Jeff Kent (LA): While he’s not going to win anyone’s “Mr. Congeniality” award, Kent has walloped more home runs than any second baseman in history while averaging 28 homers and 102 RBI over the past three seasons. All that’s gotta count for something. There are however, valid concerns in ranking Kent at the three spot. Depending upon who you talk to, Kent should be ranked as high as second or as low as seventh at his position. In years past, Kent would have vied with Soriano for the top slot. However, Kent is now 37, and if he were any slower there would be a grave danger of his growing roots. In conjunction with his distinct lack of speed and advanced age, an off-season move to Dodger Stadium could negatively impact his numbers. But having demonstrated an ability to hit in pitchers’ parks, look for Kent to post one more solid fantasy season. Still, I’d look for the veteran’s numbers to take a modest dip and be close to .280/24/95 with 4 SB.
Second Base, Not Second Rate
Mark Loretta (SD): Forming a rock-steady double-play combination with his Padre compadre SS Khalil Greene, Loretta was San Diego’s MVP, participated in the All Star game, and had an all-around fantastic season. Loretta, who at last season’s start was undervalued and available through many leagues’ waiver wires, was remarkably productive. Swatting 208 hits (the first Padre to reach 200 hits since Papa Gwynn hung up the spikes), Loretta was constantly on the basepaths. But with an average of .335 in ‘04, he was no dink-and-dunk “seeing eye-ball hitter.” With a modest 16 HRs and an eye-opening 47 doubles, he also recorded 108 runs, 76 RBI, and with a microscopic 45 strikeouts out of a hefty 620 ABs, the San Diego second baseman was one of the toughest Ks in Baseball. Loretta’s numbers improved dramatically for the second consecutive season last year and it would be hard to imagine him improving even further. At age 33, expect his numbers to level off.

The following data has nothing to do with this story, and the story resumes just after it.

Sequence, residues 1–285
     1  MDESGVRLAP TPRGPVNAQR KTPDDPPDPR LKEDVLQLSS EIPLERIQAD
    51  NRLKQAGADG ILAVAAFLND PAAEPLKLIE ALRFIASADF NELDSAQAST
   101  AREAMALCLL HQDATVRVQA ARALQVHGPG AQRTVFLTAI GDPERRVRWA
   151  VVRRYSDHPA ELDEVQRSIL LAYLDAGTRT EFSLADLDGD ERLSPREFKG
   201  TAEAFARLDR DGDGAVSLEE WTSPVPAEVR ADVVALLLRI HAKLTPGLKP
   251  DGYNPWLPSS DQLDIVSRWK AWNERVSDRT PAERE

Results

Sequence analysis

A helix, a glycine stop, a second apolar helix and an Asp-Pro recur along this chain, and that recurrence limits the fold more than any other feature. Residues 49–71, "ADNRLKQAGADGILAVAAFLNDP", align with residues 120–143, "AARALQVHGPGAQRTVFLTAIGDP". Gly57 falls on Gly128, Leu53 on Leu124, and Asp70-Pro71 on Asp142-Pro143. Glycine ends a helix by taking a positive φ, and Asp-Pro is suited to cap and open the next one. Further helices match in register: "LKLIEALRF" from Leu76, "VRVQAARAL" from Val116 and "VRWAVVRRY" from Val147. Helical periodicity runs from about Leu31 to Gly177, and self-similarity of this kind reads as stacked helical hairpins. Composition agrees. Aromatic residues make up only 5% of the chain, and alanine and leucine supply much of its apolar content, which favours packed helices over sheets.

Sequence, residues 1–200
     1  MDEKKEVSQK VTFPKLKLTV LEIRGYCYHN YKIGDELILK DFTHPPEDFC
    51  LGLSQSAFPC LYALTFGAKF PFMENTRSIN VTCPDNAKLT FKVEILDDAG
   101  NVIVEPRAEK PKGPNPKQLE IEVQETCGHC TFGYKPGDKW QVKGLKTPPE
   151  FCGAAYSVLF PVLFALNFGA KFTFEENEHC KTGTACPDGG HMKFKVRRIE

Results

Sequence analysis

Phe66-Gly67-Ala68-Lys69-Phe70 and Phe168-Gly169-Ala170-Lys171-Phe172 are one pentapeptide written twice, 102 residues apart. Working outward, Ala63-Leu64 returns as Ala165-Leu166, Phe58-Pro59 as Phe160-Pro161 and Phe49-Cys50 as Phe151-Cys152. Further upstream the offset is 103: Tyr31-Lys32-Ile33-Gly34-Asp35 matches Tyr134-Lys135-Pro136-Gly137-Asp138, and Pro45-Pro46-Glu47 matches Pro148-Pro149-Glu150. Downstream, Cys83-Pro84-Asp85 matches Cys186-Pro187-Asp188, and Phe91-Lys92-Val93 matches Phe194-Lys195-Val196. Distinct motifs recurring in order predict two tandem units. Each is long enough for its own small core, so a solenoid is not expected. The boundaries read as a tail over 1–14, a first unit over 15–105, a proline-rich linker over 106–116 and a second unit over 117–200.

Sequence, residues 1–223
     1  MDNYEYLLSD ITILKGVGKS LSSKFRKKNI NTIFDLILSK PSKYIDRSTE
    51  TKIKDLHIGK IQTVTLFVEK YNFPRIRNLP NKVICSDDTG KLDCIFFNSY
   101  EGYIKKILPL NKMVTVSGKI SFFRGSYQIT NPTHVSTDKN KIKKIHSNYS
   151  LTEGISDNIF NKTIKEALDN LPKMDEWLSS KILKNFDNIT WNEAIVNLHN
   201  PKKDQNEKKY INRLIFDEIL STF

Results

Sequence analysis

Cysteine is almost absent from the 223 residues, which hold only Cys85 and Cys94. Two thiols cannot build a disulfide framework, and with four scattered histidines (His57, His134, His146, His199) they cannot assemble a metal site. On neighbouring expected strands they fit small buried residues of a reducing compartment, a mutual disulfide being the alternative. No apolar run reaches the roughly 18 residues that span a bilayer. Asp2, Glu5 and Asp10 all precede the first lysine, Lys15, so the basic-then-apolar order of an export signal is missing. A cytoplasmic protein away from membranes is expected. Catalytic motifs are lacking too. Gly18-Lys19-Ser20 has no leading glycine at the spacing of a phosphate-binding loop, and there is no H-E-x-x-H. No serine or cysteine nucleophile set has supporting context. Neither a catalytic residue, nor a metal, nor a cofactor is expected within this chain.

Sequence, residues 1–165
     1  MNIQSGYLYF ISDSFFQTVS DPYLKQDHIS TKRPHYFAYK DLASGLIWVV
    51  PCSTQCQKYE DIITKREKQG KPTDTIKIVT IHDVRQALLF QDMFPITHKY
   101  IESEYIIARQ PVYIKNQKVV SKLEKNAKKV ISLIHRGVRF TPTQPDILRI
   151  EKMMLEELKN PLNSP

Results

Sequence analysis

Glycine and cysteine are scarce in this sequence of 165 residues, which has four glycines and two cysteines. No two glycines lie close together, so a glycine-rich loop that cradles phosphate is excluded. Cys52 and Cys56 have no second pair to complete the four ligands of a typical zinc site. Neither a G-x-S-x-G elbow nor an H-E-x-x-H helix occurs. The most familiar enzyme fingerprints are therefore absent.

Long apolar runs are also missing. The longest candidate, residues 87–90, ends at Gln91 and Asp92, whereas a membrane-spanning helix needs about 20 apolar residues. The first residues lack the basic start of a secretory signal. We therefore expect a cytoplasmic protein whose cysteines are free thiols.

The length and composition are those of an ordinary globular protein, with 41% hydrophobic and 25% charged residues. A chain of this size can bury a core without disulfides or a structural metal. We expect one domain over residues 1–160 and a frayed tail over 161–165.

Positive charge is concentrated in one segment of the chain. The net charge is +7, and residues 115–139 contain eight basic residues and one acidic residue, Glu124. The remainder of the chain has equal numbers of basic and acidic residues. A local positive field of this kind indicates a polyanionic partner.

Jose Vidro (Was): A knee injury saw Vidro’s ‘04 season end in August. However, Vidro is now far away from Montreal’s archaic Astroturf and will be playing on the cushioned comfort of RFK Stadium’s natural grass. According to reports, the Washington Nationals’ second baseman is currently working out on a treadmill, taking grounders, and is expected back at full strength. Although he’s a lifetime .304 hitter, Vidro will again miss the mighty bat of OF Vladimir Guerrero, with whom he played in Montreal from 1997 to 2003. Nevertheless, power hitting LF Brad Wilkerson is primed for a career season, SS Chritian Guzman is a capable batsman, and resident nut-case/RF Jose Guillen will all provide Vidro with capable protection. Pencil Washington’s second bagger in for a season of .310/16/80. Following two serious knee injuries, don’t look for Vidro to be a base-stealing factor.